On January 10, as you probably already know, David Robert Jones or more famously known as David Bowie, decided to take off to outer space where belonged. We can only comfort ourselves with the solace that he’s with other stars, living on through his legacy.
Surprise is the first thing that hit fans, as the legend released the Lazarus’ music video off his latest album Black Star just three days ago–coincidentally, also his 69th birthday. Fans were even more surprised when it was announced that Bowie died of an 18-month battle against liver cancer, a battle Bowie did a great job at hiding. It was sad, truly, especially for those who grew up feeling like outsiders in their own world–an existence Bowie lamented throughout his albums. Bowie knew how failure felt as he started out his career moving from one band after another with unsuccessful releases, just to get that one lucky shot at being the pop star he dreamed of becoming.
Finally, the tides turned and Space Oddity happened, and a true star was born. Later in his career, Bowie inspired people from all industries and backgrounds. Without him, the fashion, music and movies that shaped pop culture wouldn’t be how we know it now.
Here are 8 things that David Bowie influenced that we’re hones-to-god thankful for.
As unbelievable and ironic as this may seem, Bowie once said that he wasn’t interested in fashion at all. He said that the reason behind all his bizarre and influential looks was him just wanting his music “to look how it sounds.”
Bowie has been a lot of people and things throughout his 53-year career. As Major Tom, Ziggy Stardust, The Thin White Duke, and Jareth the Goblin King, Bowie used all his personas to immortalize his music. With the help of literally out-of-this-world outfits, Bowie turned the fashion industry into the younger sister who copied everything her big sister would wear.
This deep connection to his music and vision is what kept Bowie constantly reinventing himself, creating characters and looks that transcended the generation he was born in. He regarded his music not as an impression but as an expression, and that’s what fashion is all about. This made him one of the cultural icons that molded the fashion then and now into what it is: a hotpot of expression, creativity and weirdness that shook the status quo to its core.
He’s what pushed the fashion industry to try new things–things that were only possible with a starman’s genius.
All artists have a low point in their careers. For some it’s a drug addiction, a lack of commercial success (which Bowie was familiar with), or a series of events in 2007 that led to a shaved head. For Nina Simone or the “High Priestess of Soul,” it was in 1974 when her music career wasn’t doing well, on top of facing charges from the IRS.
Luckily for her, in one of her trips to a New York Club, she met an angel from space that saved her from herself. Bowie invited Simone to his table when she was about to leave. They talked for a bit and Bowie asked for her number. He called her a few hours after. The first thing Bowie said to her was, “The first thing I want you to know is that you’re not crazy—-don’t let anybody tell you you’re crazy, because where you’re coming from, there are very few of us out there.”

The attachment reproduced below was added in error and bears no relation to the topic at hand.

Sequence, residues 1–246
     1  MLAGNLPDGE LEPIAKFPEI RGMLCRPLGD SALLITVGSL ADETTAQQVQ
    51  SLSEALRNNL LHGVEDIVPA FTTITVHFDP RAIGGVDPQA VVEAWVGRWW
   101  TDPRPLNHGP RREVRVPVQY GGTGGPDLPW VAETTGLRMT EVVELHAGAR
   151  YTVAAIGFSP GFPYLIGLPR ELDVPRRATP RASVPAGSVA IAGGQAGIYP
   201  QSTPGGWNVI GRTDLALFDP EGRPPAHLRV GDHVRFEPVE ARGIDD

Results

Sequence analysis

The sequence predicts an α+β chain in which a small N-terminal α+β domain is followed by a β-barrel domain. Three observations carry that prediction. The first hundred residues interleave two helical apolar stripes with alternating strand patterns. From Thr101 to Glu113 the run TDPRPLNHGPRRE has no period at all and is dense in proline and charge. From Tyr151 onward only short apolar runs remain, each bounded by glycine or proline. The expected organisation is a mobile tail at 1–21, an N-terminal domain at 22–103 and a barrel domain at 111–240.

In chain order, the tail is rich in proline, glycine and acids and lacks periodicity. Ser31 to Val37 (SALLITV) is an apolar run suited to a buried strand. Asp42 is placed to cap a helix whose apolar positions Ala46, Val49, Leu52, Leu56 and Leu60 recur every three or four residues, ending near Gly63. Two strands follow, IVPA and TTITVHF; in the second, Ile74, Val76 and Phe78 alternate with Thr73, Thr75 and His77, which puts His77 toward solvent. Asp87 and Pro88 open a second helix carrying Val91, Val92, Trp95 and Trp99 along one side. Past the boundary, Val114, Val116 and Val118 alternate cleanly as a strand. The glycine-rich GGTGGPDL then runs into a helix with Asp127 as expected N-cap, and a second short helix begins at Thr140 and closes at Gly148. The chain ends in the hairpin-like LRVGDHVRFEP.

They talked on the phone every day for a month, with Bowie slowly reminding Simone of her natural talent and calling–a reminder she badly needed. “He told me that he was not a gifted singer and he knew it. He said, ‘What’s wrong with you is you were gifted—-you have to play. Your genius overshadows the money, and you don’t know what to do to get your money, whereas I wasn’t a genius, but I planned, I wanted to be a rock-and-roll singer and I just got the right formula.’”
“He’s got more sense than anybody I’ve ever known,” Simone continued. “It’s not human—-David ain’t from here.”
If there’s something sci-fi fans should be truly grateful to Bowie for, it’s how he took the stereotype of sci-fi from starships, laser guns, robots and aliens with territorial issues and turned it into a genre that made millions of people look at human experience and suffering from an outsider-of-this-world’s perspective.
And to guide us mere mortals through this introspective journey, he created space weirdoes who wore really tight and colorful clothes like Space Oddity’s Major Tom and space traveller Ziggy Stardust from The Rise and Fall of Ziggy Stardust and the Spiders from Mars to accompany us, and we couldn’t be more thankful. Only one artist has created a whole new persona (one that’s actually a rock star and apparently also a prophet of the Starman that eventually commits rock ‘n’ roll suicide), and his name is David Bowie.
“Through all his alter ego’s, David Bowie was one singular thing – a true Artist,” is what Keep a Child Alive founder Alicia Keys posted on Facebook after she heard the news.
Behind the glitz and music, Bowie was a philanthropist who designed lunch boxes for the benefit of HIV/AIDS victims, recorded a star-studded song to raise money for children affected by war, and participated in charity concerts.